Paxil (paroxetine) is a SSRI (Selective Serotonin Re-Uptake Inhibitor) indicated for the treatment of depression and is also used for anxiety disorders. The dosage range of Paxil is typically anywhere from 10 mg per day to 60 mg per day, depending on the individual and indication.


In terms of side effects, SSRI medication have comparable tolerability overall, but the specific ones are certainly associated with a higher or lower incidence of certain ones. Paxil for example, tends to cause more weight gain than Prozac. The risk of certain side effects is dose dependent, meaner higher doses can increase the chance of side effects.


The dose of Paxil in this may be too high, or was started too high, if side effects are evident and don't decrease over time. When side effects occur during treatment with an antidepressant like Paxil, the initial strategy is generally to lower the dose of the drug or change to an antidepressant that is not associated with that side effect or in a different class.


Before going into the usual side effects with SSRI, it is important to be aware of the possibility of a rare, but serious side effect known as serotonin syndrome.


Serotonin syndrome is a rare disorder that is caused by excess serotonin in the brain. It isn't generally associated with the use with one agent (e.g.one SSRI) and individuals are most at risk when using multiple agents that affect serototonin. Symptoms incldue:

  • Mood changes
  • Abdominal pain
  • Sweating
  • Hyperthermia
  • Mental status changes
  • Renal failure


If any of these symptoms occur, it is a medical emergency and the individual should seek treatment immediately. As mentioned above, serotonin syndrome is very unlikely with the use of a single agent, like Paxil, but is theoretically possible with very high doses.


Below, we discuss side effects of Paxil which occur relatively frequently.


Paxil Side Effects

The following side effects are associated with Paxil

  • Gastrointestinal problems
  • Restlessness and insomnia
  • Sexual side effects
  • Neurological effects
  • Weight fluctuations


Gastrointestinal

The most common complaint when starting on any SSRI medications are GI effects, such as nausea and vomiting. Theses GI effects tend to disappear around week 2 to 3 of therapy.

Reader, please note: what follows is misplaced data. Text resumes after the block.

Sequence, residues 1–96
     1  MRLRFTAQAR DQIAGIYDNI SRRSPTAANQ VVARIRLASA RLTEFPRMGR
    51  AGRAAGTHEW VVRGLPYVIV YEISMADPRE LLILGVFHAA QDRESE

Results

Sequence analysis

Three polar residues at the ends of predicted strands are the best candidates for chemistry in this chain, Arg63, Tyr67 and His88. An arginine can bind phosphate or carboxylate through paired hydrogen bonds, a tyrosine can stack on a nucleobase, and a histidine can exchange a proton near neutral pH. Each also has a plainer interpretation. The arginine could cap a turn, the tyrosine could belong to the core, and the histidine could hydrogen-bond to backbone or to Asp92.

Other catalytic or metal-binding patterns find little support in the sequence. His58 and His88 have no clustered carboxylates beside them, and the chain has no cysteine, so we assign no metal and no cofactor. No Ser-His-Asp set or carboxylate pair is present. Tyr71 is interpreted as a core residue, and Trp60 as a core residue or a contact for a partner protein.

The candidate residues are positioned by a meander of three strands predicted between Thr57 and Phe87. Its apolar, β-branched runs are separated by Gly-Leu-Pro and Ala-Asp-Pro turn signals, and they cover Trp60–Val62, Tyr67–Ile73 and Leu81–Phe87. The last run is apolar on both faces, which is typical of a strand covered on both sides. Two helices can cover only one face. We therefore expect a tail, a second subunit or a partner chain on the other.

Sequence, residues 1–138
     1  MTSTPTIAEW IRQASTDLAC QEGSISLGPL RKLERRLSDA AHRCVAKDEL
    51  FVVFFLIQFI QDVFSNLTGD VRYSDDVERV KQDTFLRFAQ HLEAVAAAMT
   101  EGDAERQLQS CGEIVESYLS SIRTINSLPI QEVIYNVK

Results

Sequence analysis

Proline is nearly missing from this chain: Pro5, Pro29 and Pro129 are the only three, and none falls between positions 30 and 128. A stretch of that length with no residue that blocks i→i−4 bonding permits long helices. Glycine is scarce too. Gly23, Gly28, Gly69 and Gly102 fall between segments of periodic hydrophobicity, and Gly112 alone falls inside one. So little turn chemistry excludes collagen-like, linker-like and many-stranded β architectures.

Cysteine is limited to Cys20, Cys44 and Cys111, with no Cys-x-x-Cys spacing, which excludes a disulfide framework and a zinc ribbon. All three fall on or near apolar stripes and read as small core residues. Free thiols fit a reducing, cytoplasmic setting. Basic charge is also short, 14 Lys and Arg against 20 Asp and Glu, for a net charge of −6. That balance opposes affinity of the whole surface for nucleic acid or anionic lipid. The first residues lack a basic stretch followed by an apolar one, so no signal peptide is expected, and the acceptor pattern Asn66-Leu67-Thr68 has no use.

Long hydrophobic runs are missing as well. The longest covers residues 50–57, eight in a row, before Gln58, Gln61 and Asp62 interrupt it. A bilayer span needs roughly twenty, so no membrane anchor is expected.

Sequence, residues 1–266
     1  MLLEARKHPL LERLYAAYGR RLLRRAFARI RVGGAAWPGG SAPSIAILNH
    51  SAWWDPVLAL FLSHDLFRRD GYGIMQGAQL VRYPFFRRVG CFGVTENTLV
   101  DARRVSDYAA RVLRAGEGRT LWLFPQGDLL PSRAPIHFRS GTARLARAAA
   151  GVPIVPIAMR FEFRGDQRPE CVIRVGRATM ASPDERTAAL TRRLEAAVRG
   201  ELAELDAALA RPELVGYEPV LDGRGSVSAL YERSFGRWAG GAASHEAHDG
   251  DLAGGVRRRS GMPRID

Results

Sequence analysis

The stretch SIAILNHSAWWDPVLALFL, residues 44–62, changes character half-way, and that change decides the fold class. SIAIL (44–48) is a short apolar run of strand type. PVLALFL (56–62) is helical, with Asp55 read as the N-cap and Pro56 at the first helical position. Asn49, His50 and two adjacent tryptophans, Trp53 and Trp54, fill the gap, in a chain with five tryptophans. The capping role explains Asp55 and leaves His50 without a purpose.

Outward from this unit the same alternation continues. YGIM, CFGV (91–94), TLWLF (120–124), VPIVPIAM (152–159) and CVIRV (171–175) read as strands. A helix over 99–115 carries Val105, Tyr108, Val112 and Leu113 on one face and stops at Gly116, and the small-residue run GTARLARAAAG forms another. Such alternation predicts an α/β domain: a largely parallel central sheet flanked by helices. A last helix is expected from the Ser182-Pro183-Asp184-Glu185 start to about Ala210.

Neurological Effects

One of the most common side effects, according to the package insert for Paxil, is somnolence, with nearly 20% of individuals experiencing it. Somnolence is a prolonged feeling of sleepiness or drowsiness and may explain the "glazed over" look with your husband. Higher doses of Paxil are associated with an increased risk of somnolence.


Paxil has also been reported to initially exacerbate headaches disorder but this tends to decrease over time. Although medications associated with movement disorders such akathisia (i.e. a feeling of inner restlessness).Somnolence, 20.8%


Restlessness & Insomnia

A feeling of restlessness, especially in the evening, is a common initial side effect of SSRI medications. Zoloft in particular can exacerbate current restlessness, and sleep disorders. These side effects often decrease with time. Starting at the lowest possible dose and increasing slowly to effect is the most prudent approach to avoid this side effect.


Sexual Side Effects

Sexual side effects can refer to anything from erectile dysfunction to anorgasmia (i.e. lack of orgasm). This side effect appears to be dose dependent and if it occurs, may not dissipate over time. A change in medication or a sexual performance drug may be necessary if sexual side effects occur.


What Is Too High Of A Dose Of Paxil?

As mentioned above, the usual dosage range of Paxil is 10 mg to 60 mg per day, depending on the indication.


It is usually best practice to start at a low dose of Paxil and increase by 10 mg every week or so to effect and based on tolerability. The side effects mentioned above could be indicative that too high of a dose is being used, especially if the side effects don't subside with continued use.